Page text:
West Ham boss Gianfranco Zola described his shock after the Carling Cup second-round victory over Millwall was scarred by pitch invasions and ugly clashes between fans in and around Upton Park.
One man was stabbed in the chest near the stadium among the chaos, with a number of arrests made for disorder and breaches of banning orders.
Neil Harris had given the visitors the lead but Junior Stanislas' equaliser that sent the tie into extra-time sparked ugly scenes as supporters poured over the advertising hoardings.
Stanislas added another from the penalty spot, which saw more fans enter the pitch and led to Millwall players heading for the dressing room, before play got under way again and Zavon Hines added a third to seal victory at the end of a poisonous evening of hostility.
"I've been involved in difficult games and things happened. Here, I've played seven years and I've never seen it like this," Zola said.
"It's certainly not good for football. I was completely shocked. Totally.
"I knew it was a game that meant a lot for the two sets of supporters, but I didn't imagine it like this.
"What can I say? I'm a sport man. I love the game. I love to go on the pitch and try and make it exciting for the supporters and enjoyable for everybody to watch. This was beyond my powers."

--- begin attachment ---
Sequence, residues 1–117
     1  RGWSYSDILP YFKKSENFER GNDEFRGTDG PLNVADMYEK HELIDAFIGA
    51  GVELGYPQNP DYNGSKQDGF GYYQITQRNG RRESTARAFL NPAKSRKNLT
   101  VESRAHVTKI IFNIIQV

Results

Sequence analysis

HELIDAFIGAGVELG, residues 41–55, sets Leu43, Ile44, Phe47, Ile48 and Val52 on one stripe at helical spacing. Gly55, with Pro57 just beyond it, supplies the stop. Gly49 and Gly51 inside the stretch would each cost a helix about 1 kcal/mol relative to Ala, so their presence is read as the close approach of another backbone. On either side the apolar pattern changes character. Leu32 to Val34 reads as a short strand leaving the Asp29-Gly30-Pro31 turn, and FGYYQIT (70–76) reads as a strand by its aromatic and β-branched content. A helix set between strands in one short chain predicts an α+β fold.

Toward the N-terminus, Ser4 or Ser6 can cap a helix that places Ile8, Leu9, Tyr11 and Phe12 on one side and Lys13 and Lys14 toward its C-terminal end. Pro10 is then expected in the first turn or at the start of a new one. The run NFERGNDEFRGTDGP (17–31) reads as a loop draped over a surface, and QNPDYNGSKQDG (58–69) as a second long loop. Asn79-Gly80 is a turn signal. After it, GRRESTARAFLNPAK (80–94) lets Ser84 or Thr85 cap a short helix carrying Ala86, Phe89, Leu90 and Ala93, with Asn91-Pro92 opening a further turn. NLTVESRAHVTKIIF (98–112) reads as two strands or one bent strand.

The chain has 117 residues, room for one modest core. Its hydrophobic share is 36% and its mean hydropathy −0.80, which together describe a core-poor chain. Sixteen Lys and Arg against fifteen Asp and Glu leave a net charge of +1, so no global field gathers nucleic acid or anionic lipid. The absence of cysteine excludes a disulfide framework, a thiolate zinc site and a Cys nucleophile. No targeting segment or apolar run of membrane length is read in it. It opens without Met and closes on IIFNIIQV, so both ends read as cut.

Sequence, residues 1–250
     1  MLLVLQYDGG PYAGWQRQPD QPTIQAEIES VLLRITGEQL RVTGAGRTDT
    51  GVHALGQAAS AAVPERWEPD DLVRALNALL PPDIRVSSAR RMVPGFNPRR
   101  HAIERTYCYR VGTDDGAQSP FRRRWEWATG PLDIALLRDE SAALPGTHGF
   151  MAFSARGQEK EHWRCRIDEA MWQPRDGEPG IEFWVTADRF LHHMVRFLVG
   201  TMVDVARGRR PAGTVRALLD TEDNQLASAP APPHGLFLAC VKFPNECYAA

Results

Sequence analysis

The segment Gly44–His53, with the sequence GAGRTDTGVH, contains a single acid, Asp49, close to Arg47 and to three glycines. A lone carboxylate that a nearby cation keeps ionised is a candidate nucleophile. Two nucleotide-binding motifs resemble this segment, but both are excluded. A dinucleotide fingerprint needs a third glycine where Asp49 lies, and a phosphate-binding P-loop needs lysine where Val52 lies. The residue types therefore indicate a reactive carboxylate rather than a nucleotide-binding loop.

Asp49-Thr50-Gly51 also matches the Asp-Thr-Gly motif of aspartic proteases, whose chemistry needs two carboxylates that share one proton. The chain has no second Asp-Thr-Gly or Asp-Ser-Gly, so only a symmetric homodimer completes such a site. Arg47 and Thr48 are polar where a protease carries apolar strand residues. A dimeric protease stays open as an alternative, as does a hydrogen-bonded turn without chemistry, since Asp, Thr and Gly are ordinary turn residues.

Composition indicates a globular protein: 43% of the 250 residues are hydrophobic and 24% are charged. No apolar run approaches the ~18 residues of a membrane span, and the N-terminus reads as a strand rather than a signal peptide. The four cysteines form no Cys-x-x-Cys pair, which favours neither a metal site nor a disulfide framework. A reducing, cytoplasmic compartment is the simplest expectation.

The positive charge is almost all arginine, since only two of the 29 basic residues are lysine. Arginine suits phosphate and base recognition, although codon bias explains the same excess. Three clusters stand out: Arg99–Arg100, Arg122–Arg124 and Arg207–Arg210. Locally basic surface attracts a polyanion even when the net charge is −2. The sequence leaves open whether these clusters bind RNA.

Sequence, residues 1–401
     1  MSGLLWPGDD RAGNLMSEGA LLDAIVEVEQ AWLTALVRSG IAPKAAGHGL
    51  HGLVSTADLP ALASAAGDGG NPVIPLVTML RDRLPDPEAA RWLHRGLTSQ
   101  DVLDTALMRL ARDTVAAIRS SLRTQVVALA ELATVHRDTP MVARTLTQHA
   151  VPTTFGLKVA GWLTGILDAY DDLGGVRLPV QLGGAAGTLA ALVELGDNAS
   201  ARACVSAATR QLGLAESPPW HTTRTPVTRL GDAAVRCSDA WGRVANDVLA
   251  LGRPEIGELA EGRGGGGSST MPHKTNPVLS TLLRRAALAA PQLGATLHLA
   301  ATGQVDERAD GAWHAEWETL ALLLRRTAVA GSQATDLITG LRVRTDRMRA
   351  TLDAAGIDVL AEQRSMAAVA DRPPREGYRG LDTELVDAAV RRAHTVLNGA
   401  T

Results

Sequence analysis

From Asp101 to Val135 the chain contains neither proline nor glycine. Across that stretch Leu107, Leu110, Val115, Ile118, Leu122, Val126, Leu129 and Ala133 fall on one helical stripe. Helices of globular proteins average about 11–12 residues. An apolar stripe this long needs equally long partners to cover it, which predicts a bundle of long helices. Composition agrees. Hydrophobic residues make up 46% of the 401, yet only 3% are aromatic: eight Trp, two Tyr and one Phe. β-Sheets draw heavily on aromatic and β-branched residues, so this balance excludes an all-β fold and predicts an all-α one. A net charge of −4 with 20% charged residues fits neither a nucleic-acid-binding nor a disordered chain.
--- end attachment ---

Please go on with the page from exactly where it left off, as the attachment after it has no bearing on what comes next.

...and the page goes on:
The FA have vowed to investigate the violence between the rival fans.
Carlton Cole was the victim of monkey chants, before the England striker appeared to make a gesture back to Millwall fans.
"I didn't know he was abused by the supporters," Zola said.
Instead of talk being of Jack Collison bravely declaring himself ready to play despite his father dying in a motorcycle accident on Sunday, there were concerns at kick-off of the trouble that led to a Tube delay and empty seats.
Of Collison's situation, Zola added: "He showed what kind of boy he is by playing. Not many would have done the same thing."
Millwall boss Kenny Jackett added: "I didn't fear for my own safety."
He added: "There were no Millwall fans on the pitch. They stayed where they were supposed to.
"There were a lot of people on the pitch. The lads gathered together and came to the sides, as they should have.
"I wasn't aware of the stabbing outside the ground. I'm very sad to hear that. We've got a passionate game in this country, but when it oversteps the mark then things have to be done."